YESTERDAY’S unexpectedly drinkable Perła Chmielowa, I’m rather looking forward to my next Polish beer. Fortunately, I don’t have long to wait. That’s because here in front of me is a bottle of Leżajsk Beer. Actually it isn’t. The ‘Z’ looking character in the name is supposed to have a sort of dash through it. Sadly, I couldn’t find that character on my computer, so I’ve substituted it for a ‘Z’ with a dot on top of it. Polish speakers, have I made a huge gaff? Undeterred by this, here is the bottle.
The bottle is dull and brown. The labels are bright and white. It looks cheap-ish.
The neck label doesn’t say anything about the beer. It doesn’t say much at all really. What it does have is the crest logo, featuring a crown, barley, hops and the letter ‘L’. It also has what must be the established date, in the form of “Premium Polonia A.D. 1525”. That’s a long time ago. About as far back as any Polish beer I’ve tried so far.
The roundel that is the front label does a good job. The border has those reassuring words “Product of Poland”. No imitation here. And clearly visible, under the vague word “Beer” are those all important vital statistics. This is the regular 500 ml size. And the alcoholic volume is a reasonably strong 5.5%. Which, in Poland, makes this weak. All bottles should have that on the front. It makes it sop much easier to know what you’re getting yourself in for.
This is a proper, imported bottle of beer. Hence, it has an ugly big sticker on one side.
This one was imported by the same people who imported yesterday’s bottle: BDD Limited. Their telephone number and North-West London address are on there, in case you want to get in touch. There’s no sign of their website though. Which, I learnt yesterday, was www.bdd.net. This big label also has a small list of ingredients. Why? Whatever the (probably regulatory) reason, the ones they list are water, malted barley and hops.
Fortunately, the proper back label hasn’t been dispensed with. This one even has some English writing, so we’re in luck. This one tells the story of how King Zygmunt Stary gave the rights to brew beer in Leżaysk all the way back in 1525. And that it’s now one of the most renowned beers in Poland, made from natural ingredients. All of which is splendid. Heritage is good. Natural ingredients are even better.
It doesn’t stop there. That’s because this one has an award. In transpires that Leżajsk Beer won a Gold Medal at the World Beer Championships. Well done chaps. I hope that translates into a tasty beer.
Time now to crack open this bottle. What will it taste like? How will it compare to the current Polish favourites? Let’s find out.
There’s no head to worry about. Within moments, what little there was has dissipated into a few patches of bubbles. Not very impressive. The colour makes up for the lack of head. It’s a good, deep shade of amber. No cheap, pale yellow here.
Maybe it’s my somewhat blocked nose, but I can’t smell much of an odour with Leżajsk Beer. Sniffing as hard as my huge, blocked nose will allow, and there are some weak odours hidden away in there. My untrained nostrils detected something like malted barley, and also something floral. Are my nostrils deceiving me? Or is there really something flowery about Leżajsk Beer? Now that would be a gigantic surprise. As always, leave your comments at the end of the post.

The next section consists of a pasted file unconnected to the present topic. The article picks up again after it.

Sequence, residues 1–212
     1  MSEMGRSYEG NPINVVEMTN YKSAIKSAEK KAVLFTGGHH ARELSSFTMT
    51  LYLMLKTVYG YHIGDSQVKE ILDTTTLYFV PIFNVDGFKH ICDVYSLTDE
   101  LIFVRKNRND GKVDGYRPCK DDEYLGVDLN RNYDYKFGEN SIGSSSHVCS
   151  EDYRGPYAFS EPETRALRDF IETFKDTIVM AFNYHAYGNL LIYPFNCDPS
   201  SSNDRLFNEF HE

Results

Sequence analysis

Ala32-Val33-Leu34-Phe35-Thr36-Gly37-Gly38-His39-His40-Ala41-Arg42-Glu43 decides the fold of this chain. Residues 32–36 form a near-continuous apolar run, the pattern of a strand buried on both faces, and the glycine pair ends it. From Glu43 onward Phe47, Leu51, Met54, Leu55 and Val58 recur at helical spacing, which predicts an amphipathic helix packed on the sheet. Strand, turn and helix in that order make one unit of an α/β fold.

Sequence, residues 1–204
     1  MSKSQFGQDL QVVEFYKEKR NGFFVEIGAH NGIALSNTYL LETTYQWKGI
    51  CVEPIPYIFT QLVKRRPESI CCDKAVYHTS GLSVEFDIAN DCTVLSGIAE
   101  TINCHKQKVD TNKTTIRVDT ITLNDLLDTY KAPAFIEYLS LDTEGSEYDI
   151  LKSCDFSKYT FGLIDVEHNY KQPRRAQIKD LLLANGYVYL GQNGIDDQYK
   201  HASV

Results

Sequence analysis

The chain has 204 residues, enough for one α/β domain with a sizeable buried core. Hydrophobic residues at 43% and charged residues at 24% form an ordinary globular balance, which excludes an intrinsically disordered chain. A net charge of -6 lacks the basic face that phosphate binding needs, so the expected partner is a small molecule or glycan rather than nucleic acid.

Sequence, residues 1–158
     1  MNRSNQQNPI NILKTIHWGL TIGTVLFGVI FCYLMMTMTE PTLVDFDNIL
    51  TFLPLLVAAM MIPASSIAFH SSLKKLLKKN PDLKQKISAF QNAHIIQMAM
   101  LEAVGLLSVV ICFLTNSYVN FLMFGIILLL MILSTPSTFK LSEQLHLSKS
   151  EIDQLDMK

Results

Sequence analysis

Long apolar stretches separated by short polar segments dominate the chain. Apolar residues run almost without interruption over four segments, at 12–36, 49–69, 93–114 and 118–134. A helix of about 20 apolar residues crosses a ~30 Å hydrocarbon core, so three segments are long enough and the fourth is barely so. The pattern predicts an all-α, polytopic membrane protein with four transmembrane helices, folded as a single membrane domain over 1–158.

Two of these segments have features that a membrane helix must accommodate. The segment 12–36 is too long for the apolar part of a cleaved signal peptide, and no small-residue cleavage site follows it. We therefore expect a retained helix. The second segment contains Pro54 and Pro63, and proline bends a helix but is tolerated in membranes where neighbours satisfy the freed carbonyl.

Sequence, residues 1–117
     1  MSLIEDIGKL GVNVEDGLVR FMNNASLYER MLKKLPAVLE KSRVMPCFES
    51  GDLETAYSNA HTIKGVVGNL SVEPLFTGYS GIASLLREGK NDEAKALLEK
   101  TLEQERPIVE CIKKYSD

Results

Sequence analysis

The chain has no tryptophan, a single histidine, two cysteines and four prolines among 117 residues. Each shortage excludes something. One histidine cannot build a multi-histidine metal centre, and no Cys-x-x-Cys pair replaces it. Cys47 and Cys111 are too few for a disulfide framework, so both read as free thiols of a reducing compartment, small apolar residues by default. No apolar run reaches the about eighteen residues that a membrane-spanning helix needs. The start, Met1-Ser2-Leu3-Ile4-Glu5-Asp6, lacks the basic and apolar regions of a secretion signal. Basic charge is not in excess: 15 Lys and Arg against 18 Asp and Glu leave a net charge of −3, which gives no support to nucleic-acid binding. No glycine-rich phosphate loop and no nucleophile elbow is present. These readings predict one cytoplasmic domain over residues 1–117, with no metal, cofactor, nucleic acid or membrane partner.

How does it taste? After a couple of gulps, in a word, it’s good. For a start, it has something I haven’t had for a while: flavour. It tastes a bit of crops and flowers. Which very smoothly turns into a full, light bitter aftertaste. That bitterness hardly lingers at all. Instead, it’s all very light, fresh and tasty. Leżajsk Beer, in my uninformed opinion, is the most ale-like of any Polish beer I’ve tried. I was afraid this would be another, boring lager. But it just isn’t.
If you buy Leżajsk Beer, what will you like about it? Or, more accurately, what do I enjoy about it? I like the flavour. I like the taste. I like how easy to drink it is. I like the quality and care with which it was made. You can tell when a beer was made with all the natural ingredients of a Pot Noodle. And this doesn’t taste anything like a pot of instant noodles. It tastes natural, which is more than you can say about any of the Polish “Mocne” beers. The last thing to say about Leżajsk Beer is that it isn’t gassy. There is a lot to like here.
What won’t you like about Leżajsk Beer? Or, what don’t I like about Leżajsk Beer? I get the feeling that it’s trying to be like an ale. That makes it a zillion times better than most Polish beers. But not as good as proper ales. It simply can’t match them for flavour and body. It’s also so light and drinkable, that it makes you think it’s on the watery side. Besides those minor complaints, the biggest problem is how hard it is to find. Unlike the big-name, yet disgusting Polish lagers, you just can’t find this easily. This one came on the recommendation of the woman at a Polish shop up in Wealdstone.
So what is Leżajsk Beer all about? This is the least lagery and most ale-like of any Polish beer that I’ve tried. It has flavour, tastes good and is very drinkable. None of which I expected to report about Leżajsk Beer. I didn’t think I would say this, but it tops even Perła Chmielowa. Ladies and gentlemen, this is my new favourite Polish beer. If you somehow find a bottle, it’s worth your time. If you’re weighing it up against a selection of fine ales, it won’t quite match the competition. Overall, very good.
Have you tried Leżajsk Beer? Can you offer up any translations, pronunciations or information? Then do please leave your comments, opinions, corrections, requests and recommendations here.